Political journalists visit University to speak on upcoming elections

David+Chalian%2C+Domenico+Montanaro%2C+Vivian+Salama+and+Alice+Yin+speak+at+a+panel%2C+%E2%80%9CReporting+on+Politics+And+Election%2C+in+the+Knight+Auditorium+in+the+Spurlock+Museum+on+Thursday.+

Sidney Malone

David Chalian, Domenico Montanaro, Vivian Salama and Alice Yin speak at a panel, “Reporting on Politics And Election,” in the Knight Auditorium in the Spurlock Museum on Thursday.

By Azucena Gama and Rebecca Oriza

With the midterm elections coming up, the Richard and Leslie Frank Center in collaboration with the College of Media hosted a panel titled “Reporting on Politics And Election” on Thursday evening.

The panelists were David Chalian, a CNN Political Director, Domenico Montanaro, NPR’s Senior Political Editor, Vivian Salama, a Wall Street Journal National Security Reporter and Alice Yin, a Chicago Tribune City Hall Reporter. 

The panelists were chosen to show the best of the different mediums of journalism, such as radio, print and TV.

Each panelist sat together on the stage and answered a series of questions from the event’s moderator Colleen King. King is the director of the Richard and Leslie Frank Center for Leadership and Innovation in Media and a clinical assistant professor in Media. 

“I have prepared questions for (news) anchors for more than 15 years now,” King said. “Part of my job and my past life was being up to date on all things, politics and current events. So for most of my career, I was preparing things like that for (TV).” 

The speakers talked about several issues, including the war in Ukraine, which Salama got to witness and report on from the front lines. 

We were getting woken up multiple times at night by explosions,” Salama said. “We haven’t seen a war like this since World War I. I feel for those guys on the frontline.”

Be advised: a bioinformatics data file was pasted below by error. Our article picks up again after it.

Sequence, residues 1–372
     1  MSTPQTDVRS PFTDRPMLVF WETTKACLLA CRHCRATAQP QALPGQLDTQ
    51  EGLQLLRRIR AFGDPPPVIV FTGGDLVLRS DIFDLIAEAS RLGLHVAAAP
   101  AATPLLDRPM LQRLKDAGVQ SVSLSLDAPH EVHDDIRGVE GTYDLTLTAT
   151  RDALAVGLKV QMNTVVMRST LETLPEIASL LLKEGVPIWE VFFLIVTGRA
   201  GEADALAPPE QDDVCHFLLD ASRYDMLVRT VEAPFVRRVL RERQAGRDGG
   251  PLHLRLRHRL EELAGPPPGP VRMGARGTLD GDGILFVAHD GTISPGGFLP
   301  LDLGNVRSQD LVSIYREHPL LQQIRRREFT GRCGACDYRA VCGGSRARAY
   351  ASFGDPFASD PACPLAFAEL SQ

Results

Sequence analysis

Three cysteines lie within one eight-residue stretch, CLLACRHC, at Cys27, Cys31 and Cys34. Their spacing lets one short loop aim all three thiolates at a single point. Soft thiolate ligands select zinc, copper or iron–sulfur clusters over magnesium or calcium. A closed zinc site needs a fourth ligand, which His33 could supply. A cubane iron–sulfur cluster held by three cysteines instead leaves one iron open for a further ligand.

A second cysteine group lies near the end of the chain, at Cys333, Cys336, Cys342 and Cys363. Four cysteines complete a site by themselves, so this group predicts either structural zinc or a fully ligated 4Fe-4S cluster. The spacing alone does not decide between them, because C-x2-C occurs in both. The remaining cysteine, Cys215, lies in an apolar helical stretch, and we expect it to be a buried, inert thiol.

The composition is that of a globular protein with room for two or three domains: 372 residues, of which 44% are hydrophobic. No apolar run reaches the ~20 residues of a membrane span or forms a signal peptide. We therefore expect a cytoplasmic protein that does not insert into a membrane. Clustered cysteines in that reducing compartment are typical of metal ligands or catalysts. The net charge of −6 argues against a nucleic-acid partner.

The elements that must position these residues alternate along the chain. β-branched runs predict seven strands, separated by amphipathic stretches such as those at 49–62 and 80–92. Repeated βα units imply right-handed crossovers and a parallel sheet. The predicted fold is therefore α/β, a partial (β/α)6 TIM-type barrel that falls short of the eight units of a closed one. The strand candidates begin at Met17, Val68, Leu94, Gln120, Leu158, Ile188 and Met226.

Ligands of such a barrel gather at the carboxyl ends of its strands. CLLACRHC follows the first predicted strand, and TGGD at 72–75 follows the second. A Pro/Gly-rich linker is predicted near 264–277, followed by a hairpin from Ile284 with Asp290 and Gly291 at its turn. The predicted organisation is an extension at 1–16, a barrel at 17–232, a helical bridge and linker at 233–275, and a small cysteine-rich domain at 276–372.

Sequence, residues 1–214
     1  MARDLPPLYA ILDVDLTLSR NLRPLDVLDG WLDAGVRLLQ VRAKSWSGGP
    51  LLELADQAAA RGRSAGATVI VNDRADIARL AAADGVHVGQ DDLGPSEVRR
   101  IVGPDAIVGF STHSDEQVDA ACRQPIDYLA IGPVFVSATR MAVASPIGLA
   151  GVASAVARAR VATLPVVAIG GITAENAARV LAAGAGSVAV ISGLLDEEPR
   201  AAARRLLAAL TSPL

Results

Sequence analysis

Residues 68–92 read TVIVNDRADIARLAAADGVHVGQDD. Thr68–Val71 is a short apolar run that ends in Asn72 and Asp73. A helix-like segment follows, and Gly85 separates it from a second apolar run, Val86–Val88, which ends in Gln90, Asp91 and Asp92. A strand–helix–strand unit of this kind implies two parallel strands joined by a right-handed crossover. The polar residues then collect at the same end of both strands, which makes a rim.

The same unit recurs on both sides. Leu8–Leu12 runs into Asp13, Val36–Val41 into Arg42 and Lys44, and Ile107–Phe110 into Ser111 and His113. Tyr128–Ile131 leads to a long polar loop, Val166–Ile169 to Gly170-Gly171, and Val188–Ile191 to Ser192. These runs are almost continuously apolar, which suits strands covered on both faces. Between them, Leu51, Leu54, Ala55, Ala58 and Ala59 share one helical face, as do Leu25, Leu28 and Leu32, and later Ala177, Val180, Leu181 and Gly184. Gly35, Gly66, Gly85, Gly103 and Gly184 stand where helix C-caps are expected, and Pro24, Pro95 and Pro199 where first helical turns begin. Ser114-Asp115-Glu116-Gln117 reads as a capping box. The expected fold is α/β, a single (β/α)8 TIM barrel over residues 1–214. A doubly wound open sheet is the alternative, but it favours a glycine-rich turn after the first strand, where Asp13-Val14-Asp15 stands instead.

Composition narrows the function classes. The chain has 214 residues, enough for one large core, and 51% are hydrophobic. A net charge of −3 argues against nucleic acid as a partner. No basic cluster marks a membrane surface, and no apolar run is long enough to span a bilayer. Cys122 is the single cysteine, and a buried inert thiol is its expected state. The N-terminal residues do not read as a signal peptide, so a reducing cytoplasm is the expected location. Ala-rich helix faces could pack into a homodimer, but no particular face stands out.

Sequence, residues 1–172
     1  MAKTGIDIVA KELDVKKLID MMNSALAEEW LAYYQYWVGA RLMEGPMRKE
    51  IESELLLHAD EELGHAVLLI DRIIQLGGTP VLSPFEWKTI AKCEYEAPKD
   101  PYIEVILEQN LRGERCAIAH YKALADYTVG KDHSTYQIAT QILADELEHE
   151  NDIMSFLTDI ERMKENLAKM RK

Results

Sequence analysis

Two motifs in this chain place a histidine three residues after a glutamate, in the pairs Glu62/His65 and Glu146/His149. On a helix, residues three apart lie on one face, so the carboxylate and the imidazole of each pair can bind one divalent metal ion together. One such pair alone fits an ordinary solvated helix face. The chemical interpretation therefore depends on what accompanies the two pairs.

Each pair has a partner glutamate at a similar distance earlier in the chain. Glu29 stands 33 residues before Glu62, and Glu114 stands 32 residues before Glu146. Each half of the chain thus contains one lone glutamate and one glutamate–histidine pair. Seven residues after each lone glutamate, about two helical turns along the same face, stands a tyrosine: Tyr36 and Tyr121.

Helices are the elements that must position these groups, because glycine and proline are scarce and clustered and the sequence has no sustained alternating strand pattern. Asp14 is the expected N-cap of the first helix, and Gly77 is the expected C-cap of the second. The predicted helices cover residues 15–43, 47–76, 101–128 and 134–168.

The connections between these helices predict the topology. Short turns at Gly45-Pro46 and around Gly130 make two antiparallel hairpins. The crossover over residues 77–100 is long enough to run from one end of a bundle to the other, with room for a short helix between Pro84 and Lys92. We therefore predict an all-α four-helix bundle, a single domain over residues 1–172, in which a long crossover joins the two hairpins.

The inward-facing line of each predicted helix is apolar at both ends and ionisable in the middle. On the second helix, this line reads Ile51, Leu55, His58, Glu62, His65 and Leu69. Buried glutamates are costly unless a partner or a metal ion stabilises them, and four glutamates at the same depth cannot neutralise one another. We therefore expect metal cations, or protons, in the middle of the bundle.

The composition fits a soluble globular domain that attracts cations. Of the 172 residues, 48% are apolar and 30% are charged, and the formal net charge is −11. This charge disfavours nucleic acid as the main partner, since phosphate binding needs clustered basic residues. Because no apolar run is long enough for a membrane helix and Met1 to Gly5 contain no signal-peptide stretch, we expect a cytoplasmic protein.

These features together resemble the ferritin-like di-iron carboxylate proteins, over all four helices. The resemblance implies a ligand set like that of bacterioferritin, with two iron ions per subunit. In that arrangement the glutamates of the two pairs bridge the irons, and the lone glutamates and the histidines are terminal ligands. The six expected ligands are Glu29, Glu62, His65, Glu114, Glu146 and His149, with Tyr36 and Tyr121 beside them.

Salama also noted the importance of voters being well-informed about political issues. In the case of the war, Salama said understanding the mechanics of the United States’ support is essential, as Ukraine heavily depends on it. 

“There are lawmakers that say, ‘It’s really hard for me to go back and talk to my constituents who can’t afford gas and tell them we’re sending billions and billions of dollars to Ukraine,’” Salama said. “It’s important to understand that the pot of money for Ukraine is very different from the pot of money for any kind of economic stimulus or domestic needs.” 

Another topic discussed was polling data. As someone who runs a polling desk, Chalian advised not to depend solely on polling data to make political decisions or for reporting news, a sentiment which was echoed by the other panelists, including Montanaro.

“I think it’s important to look at polls over time and see if things are headed in what direction,” Montanaro said. “The problem is, not all survey methods are conducted well. People just pay attention to the highlights of the horse race, as opposed to digging in.” 

Another trend Chalian discusses was that while political activism is often correlated with the younger generation, the reality proves otherwise. Chalian said there is still so much room for the younger generation to participate in elections. 

“The youth vote is something that is looked at all the time because there can be a lot of energy around young people,” Chalian said. “Yet, we’ve seen many, many election cycles where young people don’t show up in the numbers.”

Audience member Luca Iasinschi, freshman in LAS, attended the panel to see politics in action. 

“I thought it would be an interesting opportunity,” Iasinchi said. “I’d like to understand my (political science) major. I try to go to as many meetings as possible to meet different professionals to figure out what I want to do.” 

King said that she and the panelists were happy with the amount of audience participation.

“Our guests were so impressed by the level of engagement from the students throughout the day in class and in meetings,” King said. “The panelists all remarked about how great the questions were from students throughout the day and how happy they were to see how engaged the Illinois student community was regarding this event.”

The panelists also visited classes throughout the day. Chalian and Yin went to JOUR 200: Introduction to Journalism, taught by professor Chris Evans, and Montanaro attended an audio journalism class taught by professor Charles “Stretch” Ledford. Montanaro, Chalian and Yin also attended lunch with several journalism students at the Illini Union on Friday.

Chalian said he sees journalism as an important platform for encouraging political participation. 

“(Journalism) is a high and honorable profession, even in a constantly changing media landscape,” Chalian said. “You have this incredible platform to be able to inform Americans about their choices for political leadership.” 

 

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